The Internet is a horror story playbook when you’re trying to put together your expat birth plan. It’s not even a birth plan really; you just want to know what to expect when the contractions start, when you’re wheeled or walked or whisked into the maternity ward by people who speak a language other than your own. You’ve heard rumors that hospital patients in Italy have to bring their own toilet paper, their own bandages, even their own night nurses. Your obstetrician only tells you that you’ll need to bring “tamponi,” which means exactly what you think it does… but could also translate as any kind of absorbent swab or pad. Even an inkpad. You’re overwhelmed by the unknowing. It feels like you’ve been cast to star in a play but haven’t been given the script, and Opening Day is ticking closer and closer and closer.
So you do what any 21st century deer-in-the-headlights would do: You turn to Dr. Google.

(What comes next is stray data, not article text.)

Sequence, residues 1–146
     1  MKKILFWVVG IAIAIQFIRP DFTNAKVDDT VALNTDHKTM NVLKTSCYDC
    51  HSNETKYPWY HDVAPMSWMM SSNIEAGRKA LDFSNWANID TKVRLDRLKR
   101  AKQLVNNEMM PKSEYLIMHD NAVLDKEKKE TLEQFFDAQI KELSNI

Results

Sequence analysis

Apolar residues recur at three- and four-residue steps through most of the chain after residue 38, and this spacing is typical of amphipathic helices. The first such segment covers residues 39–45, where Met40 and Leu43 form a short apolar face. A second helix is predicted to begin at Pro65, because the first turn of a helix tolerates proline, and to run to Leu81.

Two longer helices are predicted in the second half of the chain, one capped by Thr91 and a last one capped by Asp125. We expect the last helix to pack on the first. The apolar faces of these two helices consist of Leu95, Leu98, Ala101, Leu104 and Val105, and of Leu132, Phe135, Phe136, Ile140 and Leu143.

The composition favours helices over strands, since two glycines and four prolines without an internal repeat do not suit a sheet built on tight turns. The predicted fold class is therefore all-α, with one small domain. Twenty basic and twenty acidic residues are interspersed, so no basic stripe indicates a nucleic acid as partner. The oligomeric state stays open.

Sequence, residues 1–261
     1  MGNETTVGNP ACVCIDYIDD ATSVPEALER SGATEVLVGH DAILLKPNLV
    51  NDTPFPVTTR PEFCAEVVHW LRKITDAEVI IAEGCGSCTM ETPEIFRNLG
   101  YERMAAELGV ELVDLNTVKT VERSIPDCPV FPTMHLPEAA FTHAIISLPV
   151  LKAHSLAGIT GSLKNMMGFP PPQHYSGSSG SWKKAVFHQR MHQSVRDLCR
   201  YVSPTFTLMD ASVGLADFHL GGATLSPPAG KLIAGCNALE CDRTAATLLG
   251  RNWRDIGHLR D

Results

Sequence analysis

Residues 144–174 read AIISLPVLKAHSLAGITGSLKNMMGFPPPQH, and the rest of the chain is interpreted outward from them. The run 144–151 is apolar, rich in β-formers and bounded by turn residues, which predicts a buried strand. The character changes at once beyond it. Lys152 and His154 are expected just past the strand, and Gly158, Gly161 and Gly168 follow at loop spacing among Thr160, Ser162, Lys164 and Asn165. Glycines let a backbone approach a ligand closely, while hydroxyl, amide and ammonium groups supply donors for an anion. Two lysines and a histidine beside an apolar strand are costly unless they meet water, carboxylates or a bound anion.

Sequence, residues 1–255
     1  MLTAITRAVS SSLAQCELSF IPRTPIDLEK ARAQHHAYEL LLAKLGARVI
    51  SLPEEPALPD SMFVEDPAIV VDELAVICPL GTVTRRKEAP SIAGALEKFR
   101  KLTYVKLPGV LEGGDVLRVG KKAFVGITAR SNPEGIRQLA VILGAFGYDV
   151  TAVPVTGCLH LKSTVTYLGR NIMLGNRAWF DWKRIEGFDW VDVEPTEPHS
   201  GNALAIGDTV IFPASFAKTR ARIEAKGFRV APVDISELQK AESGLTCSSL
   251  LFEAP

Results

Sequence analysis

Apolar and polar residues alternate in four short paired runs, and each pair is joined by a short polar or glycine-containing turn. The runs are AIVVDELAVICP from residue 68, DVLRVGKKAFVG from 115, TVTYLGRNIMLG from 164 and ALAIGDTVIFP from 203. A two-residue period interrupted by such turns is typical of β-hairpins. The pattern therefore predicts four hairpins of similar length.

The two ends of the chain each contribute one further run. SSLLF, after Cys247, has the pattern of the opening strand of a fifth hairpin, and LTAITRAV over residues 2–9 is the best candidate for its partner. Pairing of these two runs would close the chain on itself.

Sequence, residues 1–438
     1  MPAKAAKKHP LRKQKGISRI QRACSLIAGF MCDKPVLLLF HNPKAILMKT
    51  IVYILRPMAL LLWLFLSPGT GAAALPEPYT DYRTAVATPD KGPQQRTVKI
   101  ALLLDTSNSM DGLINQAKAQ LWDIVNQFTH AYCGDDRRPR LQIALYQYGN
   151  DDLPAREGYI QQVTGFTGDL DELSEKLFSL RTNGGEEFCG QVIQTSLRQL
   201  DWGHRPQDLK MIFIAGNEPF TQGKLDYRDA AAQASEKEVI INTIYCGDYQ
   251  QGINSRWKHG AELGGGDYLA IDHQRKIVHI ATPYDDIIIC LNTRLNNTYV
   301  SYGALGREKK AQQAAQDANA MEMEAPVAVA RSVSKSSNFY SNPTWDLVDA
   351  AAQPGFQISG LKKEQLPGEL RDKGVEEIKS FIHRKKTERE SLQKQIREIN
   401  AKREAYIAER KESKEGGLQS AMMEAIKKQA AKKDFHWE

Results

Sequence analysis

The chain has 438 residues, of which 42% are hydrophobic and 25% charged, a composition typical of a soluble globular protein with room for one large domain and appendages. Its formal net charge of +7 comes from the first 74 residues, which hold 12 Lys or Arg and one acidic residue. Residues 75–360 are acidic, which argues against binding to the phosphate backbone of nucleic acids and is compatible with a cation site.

The problem with public forums, however, is that people don’t generally use them to share their Kodak Moments. According to the Internet of 2007, no American or British expat has ever had a birth in Italy go well. An image grows in your mind of doctors with sauce-stained mustachios operating on you with pizza cutters in the hallway of a former Fascist bunker. You pack your hospital bag with gowns and eating utensils and towels and diapers and Tylenol and your best guess at “tamponi” and so much worry that your whole heart goes numb from it. How are you going to get through this?
/ / /
Your baby is too large. The 38-week ultrasound shows her to weigh nearly 4½ kg. (over 10 lbs.), and at your 39-week checkup, the doctor determines that based on the baby’s head size and your internal structure, you will be unable to deliver naturally. This explains why the contractions you’ve been having for weeks now haven’t gotten you anywhere. You don’t know exactly how to feel about this, but you’ve already had one C-section; at least tomorrow’s delivery will be familiar territory.